Mr BUCHHOLZ (Wright) (10:21): I rise today to acknowledge a small army of volunteers who have appeared in my electorate, an organisation known around Australia as BlazeAid. They have marched into my electorate to help local farmers fix fences in the aftermath of the recent floods in March. BlazeAid's reputation precedes them. Originally set up after the fires in Victoria in 2009, the organisation has extended its reach to help many communities across Australia in disaster areas.
In my electorate there are farmers who have been affected not only by this flood; this is the third one-in-150-years flood that they have faced back to back. Whilst we can keep rebuilding, just the presence of BlazeAid in the community helps enormously with the mental anguish. They recognise the hurdle in front of people as they rebuild given they had just got their lives back for a second time when they were knocked over again for a third time.
After sustaining devastating damage, the local farming community reached out to BlazeAid for their assistance. BlazeAid responded by setting up camp originally in the Beaudesert Showgrounds, which was the central community. Then the Beaudesert Show Society looked to prepare the Beaudesert Showgrounds for our annual show. That is a very important day on the community landscape for the community to heal because it is a time where they can come together. There is a sale . It is one of the highlights in Beaudesert, our country show. So we have set BlazeAid up at the Rathdowney and District Memorial Grounds, with people travelling from around Scenic Rim and also from out of the area to come and help in our community. Peter and Morgan have travelled from Victoria, Ross and Ann have come from South Australia, Ian has come from Darwin and John has come from Tasmania.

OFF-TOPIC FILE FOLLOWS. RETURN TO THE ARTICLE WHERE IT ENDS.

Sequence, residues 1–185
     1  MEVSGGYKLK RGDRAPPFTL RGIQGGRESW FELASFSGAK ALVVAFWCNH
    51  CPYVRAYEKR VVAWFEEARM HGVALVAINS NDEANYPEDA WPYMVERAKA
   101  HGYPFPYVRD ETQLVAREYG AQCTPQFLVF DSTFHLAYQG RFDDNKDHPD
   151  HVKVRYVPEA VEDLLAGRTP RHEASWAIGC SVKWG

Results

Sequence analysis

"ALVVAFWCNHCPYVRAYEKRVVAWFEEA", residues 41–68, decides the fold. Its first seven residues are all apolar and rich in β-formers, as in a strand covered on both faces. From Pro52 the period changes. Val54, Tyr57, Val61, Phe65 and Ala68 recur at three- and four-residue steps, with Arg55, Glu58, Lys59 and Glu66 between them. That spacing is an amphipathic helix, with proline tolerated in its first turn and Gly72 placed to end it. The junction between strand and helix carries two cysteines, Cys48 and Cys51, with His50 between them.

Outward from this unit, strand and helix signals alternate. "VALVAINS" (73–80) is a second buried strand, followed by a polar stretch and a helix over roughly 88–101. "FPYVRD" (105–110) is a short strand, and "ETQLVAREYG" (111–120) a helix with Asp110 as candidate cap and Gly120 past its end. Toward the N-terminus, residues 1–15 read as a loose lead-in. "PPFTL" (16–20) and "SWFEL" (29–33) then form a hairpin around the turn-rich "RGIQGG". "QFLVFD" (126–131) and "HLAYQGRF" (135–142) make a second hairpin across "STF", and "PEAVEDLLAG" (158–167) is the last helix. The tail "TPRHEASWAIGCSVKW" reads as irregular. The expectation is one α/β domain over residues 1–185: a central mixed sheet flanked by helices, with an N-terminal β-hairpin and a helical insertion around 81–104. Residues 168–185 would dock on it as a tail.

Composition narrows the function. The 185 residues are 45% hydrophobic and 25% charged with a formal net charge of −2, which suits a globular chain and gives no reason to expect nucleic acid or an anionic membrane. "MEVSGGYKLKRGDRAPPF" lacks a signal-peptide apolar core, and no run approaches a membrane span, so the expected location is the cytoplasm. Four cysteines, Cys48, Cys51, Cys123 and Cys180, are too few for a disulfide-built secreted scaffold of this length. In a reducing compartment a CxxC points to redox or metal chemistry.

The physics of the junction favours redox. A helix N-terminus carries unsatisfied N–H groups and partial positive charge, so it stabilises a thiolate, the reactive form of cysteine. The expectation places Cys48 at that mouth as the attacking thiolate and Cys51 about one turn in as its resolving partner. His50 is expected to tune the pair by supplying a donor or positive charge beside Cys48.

I say thank you to BlazeAid for the work that those people are doing in my community. These people help out the people in my community who are looking for a hand. The floods did not discriminate between rich and poor, and neither do the BlazeAid volunteers. They will go wherever they are needed to get stuck in to lend a hand, whether it is putting fences back up, removing debris or just doing some of those laborious tasks that allow the farmer to get on with the more annualised production tasks for the farm to generate income for next year. The 'orange angels', named for their penchant for hi-vis, are helping to rebuild our communities. BlazeAid has played an enormous role in our community. Each of the volunteers who make a contribution to that deserve all of our accolades.